Delane Parnell’s PlayVS Expands From High School To College ESports With Fortnite Game Competitions

Written by Dana Sanchez
PlayVS, a startup that’s building infrastructure for high school esports, has partnered with Epic Games to operate Fortnite competitions in high schools and colleges. Delane Parnell image: Anita Martin/Moguldom

PlayVS, a venture-backed startup that’s building the online and offline infrastructure for high school esports, has partnered with Epic Games to operate Fortnite Game competitions in high school and college.

High school students began competing in esports leagues in October 2018 thanks to an exclusive contract between PlayVS and the NFHS (National Federation of State High School Associations).

This is PlayVS’s first entry into colleges and universities.

PlayVS (pronounced “Play Versus”) provides support in building the video gaming infrastructure for high school esports. This allows students to play esports on behalf of their school all the way to the state championship level.

“Yes, you heard it correct. We’re now building the proper infrastructure for college esports too,” PlayVS founder and CEO Delane Parnell tweeted on Wednesday.

Parnell’s mission has been to bring esports to high schools with a league where students could compete similar to traditional sports like football or basketball. For $64, a player can be placed in a league to compete with neighboring schools, just like any other sport.

One of the world’s most popular games, Fortnite will now be an official high school and college sport.

Responses to Parnell’s announcement on social media were mostly admiration and gratitude.

“This is really important for competitive gaming in general. Keep crushing it Delane,” Armin tweeted.

“Fortnite might not be the best game but I am Super happy that esports are being considered like real sports!” Spade Ouma tweeted

As of September 2019, PlayVS has raised a total of $96 million in venture capital. The Los Angeles-based startup launched in April, 2018 and announced in June that year that it had completed a $15 million Series-A funding round to bring esports infrastructure to high schools across the country. A $30 million Series-B funding round followed in November 2018. In September 2019, Parnell announced that PlayVS had raised $50 million for a total of $96 million.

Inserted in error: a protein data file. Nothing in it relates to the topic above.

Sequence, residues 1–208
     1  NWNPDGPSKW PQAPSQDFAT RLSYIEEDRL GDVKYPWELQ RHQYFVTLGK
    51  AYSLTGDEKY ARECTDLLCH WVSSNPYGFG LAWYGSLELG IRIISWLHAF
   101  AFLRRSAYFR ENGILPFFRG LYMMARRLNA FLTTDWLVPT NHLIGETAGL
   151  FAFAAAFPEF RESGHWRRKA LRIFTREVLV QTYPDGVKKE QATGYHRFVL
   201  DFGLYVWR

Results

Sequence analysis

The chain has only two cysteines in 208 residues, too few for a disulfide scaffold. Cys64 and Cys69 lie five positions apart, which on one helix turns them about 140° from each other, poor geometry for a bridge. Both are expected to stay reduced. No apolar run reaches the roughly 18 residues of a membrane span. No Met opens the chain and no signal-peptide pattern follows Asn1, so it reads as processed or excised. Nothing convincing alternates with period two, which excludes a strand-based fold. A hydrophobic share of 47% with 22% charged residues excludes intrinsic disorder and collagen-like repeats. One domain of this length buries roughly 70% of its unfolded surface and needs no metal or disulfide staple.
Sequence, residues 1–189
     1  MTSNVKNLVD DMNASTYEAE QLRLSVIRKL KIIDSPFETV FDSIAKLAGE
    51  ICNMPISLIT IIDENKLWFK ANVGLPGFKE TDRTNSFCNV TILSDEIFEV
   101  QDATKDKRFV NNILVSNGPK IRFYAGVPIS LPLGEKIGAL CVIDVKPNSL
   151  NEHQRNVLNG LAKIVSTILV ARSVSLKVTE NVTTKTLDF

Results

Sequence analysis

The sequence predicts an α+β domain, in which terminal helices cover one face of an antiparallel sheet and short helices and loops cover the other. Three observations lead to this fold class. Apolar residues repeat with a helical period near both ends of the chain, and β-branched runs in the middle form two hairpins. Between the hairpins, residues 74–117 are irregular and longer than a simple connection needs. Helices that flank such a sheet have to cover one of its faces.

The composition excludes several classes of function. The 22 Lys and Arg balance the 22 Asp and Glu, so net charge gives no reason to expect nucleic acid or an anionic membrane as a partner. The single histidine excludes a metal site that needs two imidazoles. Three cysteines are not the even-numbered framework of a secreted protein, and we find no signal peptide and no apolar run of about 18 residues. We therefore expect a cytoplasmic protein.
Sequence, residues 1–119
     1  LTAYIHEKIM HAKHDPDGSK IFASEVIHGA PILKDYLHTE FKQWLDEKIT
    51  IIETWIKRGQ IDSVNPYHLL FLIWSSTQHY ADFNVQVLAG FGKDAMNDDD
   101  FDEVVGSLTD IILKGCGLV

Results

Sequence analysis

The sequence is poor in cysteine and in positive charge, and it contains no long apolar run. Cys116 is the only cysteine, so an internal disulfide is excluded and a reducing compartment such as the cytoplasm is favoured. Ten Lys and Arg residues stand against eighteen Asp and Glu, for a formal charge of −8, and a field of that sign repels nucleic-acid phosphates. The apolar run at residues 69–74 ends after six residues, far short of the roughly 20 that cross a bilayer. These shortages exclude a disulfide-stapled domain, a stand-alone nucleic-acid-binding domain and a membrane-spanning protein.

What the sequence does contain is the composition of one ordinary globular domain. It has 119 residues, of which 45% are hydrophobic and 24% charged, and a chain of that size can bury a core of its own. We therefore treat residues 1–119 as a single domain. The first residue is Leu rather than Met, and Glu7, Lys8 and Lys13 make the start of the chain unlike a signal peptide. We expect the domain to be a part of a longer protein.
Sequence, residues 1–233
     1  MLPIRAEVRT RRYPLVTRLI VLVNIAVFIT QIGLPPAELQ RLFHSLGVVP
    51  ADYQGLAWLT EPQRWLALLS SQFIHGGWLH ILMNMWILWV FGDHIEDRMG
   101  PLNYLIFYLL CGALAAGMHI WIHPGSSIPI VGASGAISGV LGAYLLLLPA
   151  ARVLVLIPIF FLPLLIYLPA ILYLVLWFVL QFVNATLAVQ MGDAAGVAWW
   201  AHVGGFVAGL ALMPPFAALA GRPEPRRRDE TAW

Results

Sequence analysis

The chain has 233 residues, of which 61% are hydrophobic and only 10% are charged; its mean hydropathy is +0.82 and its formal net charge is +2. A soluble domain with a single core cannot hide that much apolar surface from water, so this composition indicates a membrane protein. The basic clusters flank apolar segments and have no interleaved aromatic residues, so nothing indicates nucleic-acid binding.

There are 21,000 high schools in the U.S. and esports will be sanctioned just like any other sports — basketball or football, Parnell said in a Moguldom interview. “You can compete for state championships and have your statistical records recognized by the State Athletic Association,” Parnell said.

Since PlayVS launched, more than 13,000 high schools joined a waitlist to get a varsity esports team through PlayVS, Parnell said. By comparison, just over 14,000 U.S. high schools have a football program.

Listen to GHOGH with Jamarlin Martin | Episode 24: Delane Parnell

Jamarlin talks to prodigy Delane Parnell, founder and CEO of high-school esports company PlayVS, which just raised a $15M series A round.

Other companies are setting up paid competitive leagues around video games, but few, if any, have partnerships at the publisher level, Techcrunch reported. PlayVS is the first to score such a partnership with Epic Games.

The college landscape is a new challenge for PlayVS. There is no official partnership with the NCAA (National Collegiate Athletic Association) so PlayVS has to pitch their technology directly to individual colleges. “Luckily, they’re going in armed with the most popular game in the world, and at a time when many colleges are looking to incorporate esports scholarships and programs,” Jordan Crook reported for Techcrunch.

Fortnite’s — and PlayVS’s — push into the college level is significant “given the NCAA’s inability and/or unwillingness to integrate esports alongside its traditional sports competitions,” according to the Washington Post.